Sunday, February 26, 2017

The Boring Designer

Once in a while, I stop to think about all the products I'm using on a daily basis and which of them provide the best experience to me. Why are they so pleasurable to use? What makes them that way? Over and over, it's the same reason: they're simple. In the same way that visual design has become minimal and stripped of everything that is not essential, so too have the best products and apps become something immediately easy to understand and use, and that's what makes them so successful.

How do these sorts of products come into creation? What sort of designer might think about making a product such as this? A product so simple that some people may wonder at its existence, but to a percentage of the population its use is as natural as breathing.

This designer is someone who cares more for function than form, and is a constant believer in killing one's darlings. This designer does not stubbornly clasp to their ideas at the cost of the overall experience, nor do they try to reinvent the wheel.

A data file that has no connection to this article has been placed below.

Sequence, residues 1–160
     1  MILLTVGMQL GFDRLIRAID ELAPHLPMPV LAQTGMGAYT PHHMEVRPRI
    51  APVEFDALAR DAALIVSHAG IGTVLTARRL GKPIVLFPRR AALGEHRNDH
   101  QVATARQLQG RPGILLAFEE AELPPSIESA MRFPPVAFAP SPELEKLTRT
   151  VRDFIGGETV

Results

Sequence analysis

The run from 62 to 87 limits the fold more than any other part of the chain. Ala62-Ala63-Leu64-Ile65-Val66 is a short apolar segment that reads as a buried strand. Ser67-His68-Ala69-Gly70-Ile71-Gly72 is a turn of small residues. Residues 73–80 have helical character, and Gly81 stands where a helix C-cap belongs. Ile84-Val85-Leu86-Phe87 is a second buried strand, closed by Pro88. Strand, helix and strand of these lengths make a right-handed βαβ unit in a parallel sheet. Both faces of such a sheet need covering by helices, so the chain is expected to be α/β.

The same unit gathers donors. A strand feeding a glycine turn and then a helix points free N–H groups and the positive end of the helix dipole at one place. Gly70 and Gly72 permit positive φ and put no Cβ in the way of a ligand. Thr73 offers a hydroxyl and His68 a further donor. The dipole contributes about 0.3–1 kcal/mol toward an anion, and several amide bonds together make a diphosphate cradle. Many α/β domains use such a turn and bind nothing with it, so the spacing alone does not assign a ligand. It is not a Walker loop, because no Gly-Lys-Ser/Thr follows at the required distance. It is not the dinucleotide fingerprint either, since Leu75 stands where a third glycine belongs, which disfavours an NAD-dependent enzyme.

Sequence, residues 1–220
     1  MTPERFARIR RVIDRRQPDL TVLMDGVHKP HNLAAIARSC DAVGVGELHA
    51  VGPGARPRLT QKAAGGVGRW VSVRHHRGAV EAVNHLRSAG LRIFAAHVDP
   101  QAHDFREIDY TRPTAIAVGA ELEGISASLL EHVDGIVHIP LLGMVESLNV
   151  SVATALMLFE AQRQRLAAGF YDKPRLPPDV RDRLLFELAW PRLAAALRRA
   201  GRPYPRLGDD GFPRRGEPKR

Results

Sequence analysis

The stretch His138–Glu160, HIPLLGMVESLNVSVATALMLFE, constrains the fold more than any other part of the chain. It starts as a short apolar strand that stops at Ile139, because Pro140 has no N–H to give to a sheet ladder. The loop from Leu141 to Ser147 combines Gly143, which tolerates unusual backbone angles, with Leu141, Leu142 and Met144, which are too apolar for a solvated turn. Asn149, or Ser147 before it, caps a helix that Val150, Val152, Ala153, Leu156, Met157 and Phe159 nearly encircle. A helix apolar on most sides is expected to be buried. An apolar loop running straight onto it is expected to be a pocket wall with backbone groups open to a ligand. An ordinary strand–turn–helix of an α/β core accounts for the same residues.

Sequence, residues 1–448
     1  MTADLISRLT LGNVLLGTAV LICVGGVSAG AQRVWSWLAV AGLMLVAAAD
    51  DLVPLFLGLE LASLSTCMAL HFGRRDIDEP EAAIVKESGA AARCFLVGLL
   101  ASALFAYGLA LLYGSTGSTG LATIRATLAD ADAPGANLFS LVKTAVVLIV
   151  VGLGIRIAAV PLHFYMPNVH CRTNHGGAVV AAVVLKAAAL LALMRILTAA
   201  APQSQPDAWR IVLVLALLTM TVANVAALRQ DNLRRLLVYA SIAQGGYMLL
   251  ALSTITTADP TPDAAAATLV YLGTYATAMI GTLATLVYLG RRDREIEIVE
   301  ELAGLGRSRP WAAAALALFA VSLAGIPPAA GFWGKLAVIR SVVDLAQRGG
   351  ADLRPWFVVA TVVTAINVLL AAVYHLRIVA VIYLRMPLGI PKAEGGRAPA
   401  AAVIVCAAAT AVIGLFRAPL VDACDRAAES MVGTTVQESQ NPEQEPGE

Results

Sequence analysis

This designer understands that the user needs their product to function and they need it to function well. It should get a specific job done quickly and efficiently. It should do one thing, and do it well. This type of designer is someone we might venture to call ‘boring’.

I read an amazing article by Cap Watkins about the importance of the boring designer. He puts it brilliantly; a designer should:
  • Choose obvious over clever
    Don't show off, always go with the simplest and easiest solution to universally understand
  • Rarely stand their ground
    Try every idea, as the right one may be disguised in a suggestion that seems strange
  • Be practical
    Prioritize, understand your limitations of time, budget, etc.
  • Value laziness
    Be efficient, set yourself up for success by doing things right the first time. Measure ten times, cut once.
  • Lead the team
    These traits may not seem like those of a leader, but they are actually the stuff of a designer who is trusted over and over again to put the user first.
Quite an excellent read for young product designers, especially when designing for places like Dribbble, where visuals of product design are often prized over real solutions to problems.

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